Rasch Brown: Can you give me an example of a disability under the Americans with Disability Act, which would constitute a sufficient exemption?
Mag Bickford: Yes, Rasch. I can give you that example. So what happens if you announce that there’s going to be a mandatory or voluntary vaccination plan, and your employee says “I have a physical condition, which would be aggravated by the vaccination”? We’re seeing a lot of cases of vaccination sensitivities, and the EEOC so far has indicated that a sensitivity by itself is not enough to trigger a disabled state. But let’s say that you had a disease that would have a more direct consequence to a reaction. Then you would definitely have to go through that process to determine whether or not it’s going to be a viable exemption. The other thing to remember on the ADA, you still have the concept of “reasonable accommodation.” So you may, in that scenario, want to look at alternatives to making it work in the ADA scenario. For example, if someone can’t get a shot, then maybe the better solution is to allow them to work from home. It’s all going to depend on the facts of the particular situation. And you’re going to have to engage in what we call an “interactive dialogue” to figure out what the right solution is for all concerned.
Rasch Brown: And how are the benefits to vaccination taken into account?
Chase Stoecker: So the benefits, there are many, such as improved employee health, fewer absences, and improved staff morale. Additionally, the vaccination likely will fall under most employer-sponsored healthcare plans. So there will not be a large out-of-pocket expense for the employee.
Rasch Brown: So if I’m an employer, can I require the employees to get a COVID test before they return to the workplace?
You can always offer a voluntary [vaccination] program, just like many employers do with their flu shots.
Mag Bickford: Possibly. The EEOC came out with their guidance in mid-December and said that a vaccination is not a medical examination under Title VII in the ADA. And that frees us to consider whether we can have a voluntary or mandatory program for vaccination in the workplace. It also opens the question of whether we can require it in order for a worker to come back to work. So what we know is this: if we’re going to engage in a mandatory vaccination program, we have to go through certain analysis. For example, when you go to get your flu shot, there’s a form you fill out that asks some personal questions that potentially might be protected health information under HIPAA. I would caution an employer to proceed in a way where they’re not collecting that information, because that brings in certain onerous implications in maintaining that data.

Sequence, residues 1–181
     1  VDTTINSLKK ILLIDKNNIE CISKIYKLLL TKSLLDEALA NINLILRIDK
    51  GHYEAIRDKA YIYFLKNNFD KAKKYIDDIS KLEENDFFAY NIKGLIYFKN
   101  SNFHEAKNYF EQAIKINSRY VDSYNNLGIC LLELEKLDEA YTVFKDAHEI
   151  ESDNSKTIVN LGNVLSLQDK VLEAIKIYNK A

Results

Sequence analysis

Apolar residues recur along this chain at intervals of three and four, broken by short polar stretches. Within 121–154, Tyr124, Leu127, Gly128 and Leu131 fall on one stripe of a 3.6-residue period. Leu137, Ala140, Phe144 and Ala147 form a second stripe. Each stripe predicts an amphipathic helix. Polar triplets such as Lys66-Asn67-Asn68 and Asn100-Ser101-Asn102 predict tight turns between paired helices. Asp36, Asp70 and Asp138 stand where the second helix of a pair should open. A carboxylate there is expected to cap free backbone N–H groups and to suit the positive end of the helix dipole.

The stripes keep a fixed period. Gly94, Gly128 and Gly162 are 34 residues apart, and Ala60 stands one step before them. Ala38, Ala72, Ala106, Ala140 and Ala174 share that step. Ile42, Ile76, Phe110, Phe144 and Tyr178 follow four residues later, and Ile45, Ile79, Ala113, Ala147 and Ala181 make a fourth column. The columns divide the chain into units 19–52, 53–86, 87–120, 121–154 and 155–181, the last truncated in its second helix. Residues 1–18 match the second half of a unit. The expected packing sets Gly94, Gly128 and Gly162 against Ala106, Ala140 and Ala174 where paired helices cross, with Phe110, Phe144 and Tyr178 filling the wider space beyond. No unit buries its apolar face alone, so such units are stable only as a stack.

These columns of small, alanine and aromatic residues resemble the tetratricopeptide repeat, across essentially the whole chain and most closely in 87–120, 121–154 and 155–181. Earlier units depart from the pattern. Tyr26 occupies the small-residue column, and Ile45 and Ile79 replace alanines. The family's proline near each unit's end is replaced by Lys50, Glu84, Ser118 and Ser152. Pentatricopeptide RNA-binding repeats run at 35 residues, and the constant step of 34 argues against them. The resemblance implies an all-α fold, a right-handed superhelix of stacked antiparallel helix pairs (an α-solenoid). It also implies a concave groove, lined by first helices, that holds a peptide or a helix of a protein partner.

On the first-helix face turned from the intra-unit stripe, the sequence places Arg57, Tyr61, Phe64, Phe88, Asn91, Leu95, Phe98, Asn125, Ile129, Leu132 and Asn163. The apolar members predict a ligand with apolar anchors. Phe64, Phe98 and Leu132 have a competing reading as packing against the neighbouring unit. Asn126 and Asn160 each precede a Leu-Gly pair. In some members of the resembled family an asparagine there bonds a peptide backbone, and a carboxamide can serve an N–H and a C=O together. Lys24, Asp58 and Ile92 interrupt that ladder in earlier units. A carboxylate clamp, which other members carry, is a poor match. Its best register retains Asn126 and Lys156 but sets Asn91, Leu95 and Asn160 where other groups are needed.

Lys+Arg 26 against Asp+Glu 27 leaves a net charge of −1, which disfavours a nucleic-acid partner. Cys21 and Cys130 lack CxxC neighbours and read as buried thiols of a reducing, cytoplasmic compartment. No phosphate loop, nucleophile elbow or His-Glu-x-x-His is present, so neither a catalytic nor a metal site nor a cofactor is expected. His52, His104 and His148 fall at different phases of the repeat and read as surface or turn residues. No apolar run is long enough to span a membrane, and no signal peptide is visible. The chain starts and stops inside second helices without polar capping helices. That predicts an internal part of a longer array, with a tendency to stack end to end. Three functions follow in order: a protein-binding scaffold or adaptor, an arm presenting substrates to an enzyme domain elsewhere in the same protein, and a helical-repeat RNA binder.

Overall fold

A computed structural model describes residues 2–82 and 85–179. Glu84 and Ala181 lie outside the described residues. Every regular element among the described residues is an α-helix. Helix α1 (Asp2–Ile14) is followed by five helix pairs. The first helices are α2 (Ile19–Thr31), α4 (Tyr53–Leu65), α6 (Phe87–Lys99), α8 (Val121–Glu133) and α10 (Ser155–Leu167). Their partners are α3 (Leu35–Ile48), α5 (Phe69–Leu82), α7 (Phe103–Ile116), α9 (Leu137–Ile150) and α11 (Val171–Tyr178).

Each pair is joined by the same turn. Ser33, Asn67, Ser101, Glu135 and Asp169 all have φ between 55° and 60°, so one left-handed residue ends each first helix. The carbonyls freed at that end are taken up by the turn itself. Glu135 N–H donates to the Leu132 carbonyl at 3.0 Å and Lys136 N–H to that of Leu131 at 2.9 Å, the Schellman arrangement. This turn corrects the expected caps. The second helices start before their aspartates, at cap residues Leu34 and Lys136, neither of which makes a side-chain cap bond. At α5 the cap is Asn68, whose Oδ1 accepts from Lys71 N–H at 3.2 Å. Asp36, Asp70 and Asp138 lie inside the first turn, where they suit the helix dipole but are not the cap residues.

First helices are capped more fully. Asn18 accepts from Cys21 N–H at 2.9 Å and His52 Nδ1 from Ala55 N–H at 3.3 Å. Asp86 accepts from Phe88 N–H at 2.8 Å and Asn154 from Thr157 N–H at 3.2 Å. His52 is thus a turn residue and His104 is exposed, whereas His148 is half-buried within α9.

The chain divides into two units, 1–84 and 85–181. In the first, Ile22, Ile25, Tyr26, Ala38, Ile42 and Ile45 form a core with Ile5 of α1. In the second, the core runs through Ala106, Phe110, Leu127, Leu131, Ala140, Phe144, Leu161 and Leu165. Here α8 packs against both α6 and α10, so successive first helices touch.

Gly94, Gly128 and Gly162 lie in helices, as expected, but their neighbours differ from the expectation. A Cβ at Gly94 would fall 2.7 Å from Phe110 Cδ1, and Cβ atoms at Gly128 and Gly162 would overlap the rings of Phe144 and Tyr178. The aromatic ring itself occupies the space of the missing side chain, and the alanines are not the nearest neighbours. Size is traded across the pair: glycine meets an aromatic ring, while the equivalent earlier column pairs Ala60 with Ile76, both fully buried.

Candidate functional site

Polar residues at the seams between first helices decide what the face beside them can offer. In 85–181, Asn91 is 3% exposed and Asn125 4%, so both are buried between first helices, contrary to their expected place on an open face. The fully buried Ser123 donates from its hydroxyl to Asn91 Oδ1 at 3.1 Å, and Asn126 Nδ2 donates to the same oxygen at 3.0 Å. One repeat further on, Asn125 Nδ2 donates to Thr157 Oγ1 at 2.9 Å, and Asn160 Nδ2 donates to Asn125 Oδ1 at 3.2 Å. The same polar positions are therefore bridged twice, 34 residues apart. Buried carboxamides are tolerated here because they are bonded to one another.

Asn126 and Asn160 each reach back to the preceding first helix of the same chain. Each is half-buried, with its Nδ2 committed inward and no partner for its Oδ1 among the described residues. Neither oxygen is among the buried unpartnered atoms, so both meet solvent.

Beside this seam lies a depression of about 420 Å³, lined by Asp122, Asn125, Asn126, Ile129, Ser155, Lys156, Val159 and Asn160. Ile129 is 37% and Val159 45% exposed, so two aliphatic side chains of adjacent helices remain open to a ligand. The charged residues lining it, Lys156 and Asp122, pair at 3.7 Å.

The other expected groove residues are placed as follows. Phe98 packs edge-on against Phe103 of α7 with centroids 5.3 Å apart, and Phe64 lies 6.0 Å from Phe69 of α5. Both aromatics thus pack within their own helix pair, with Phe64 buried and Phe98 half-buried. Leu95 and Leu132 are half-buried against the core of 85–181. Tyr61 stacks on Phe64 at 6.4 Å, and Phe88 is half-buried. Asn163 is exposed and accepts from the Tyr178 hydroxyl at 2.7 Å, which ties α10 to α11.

What some employers are doing right now is bringing in outside pharmacies, such as CVS or Walgreens. I know they’re doing this locally here in New Orleans, where they come in, they get the protected health information, they maintain that process. So the employer doesn’t have an issue with that. That’s one thing to consider. The other thing you want to consider if you’re going to do a mandatory or a voluntary vaccination program internally, is it a business necessity? Because particularly with a mandatory program, you want to make sure there’s a business necessity for it. For example, if you’re a hospital or you’re a retirement community or a physical therapy practice, or someplace that treats people on a medical basis, there’s a very strong argument that it’s a business necessity to have a mandatory program. And you should definitely go through the analysis of whether that is in fact true, but it seems more likely. If you’re a company that has everybody telecommuting in their home offices, then it doesn’t seem to have a strong business necessity for a mandatory program. But regardless of that, you can always offer a voluntary program, just like many employers do with their flu shots. You have a third party vendor come in, they administer the vaccinations. They keep the health information too. Either way, that’s probably a win-win in figuring out how you want to handle that in the workplace.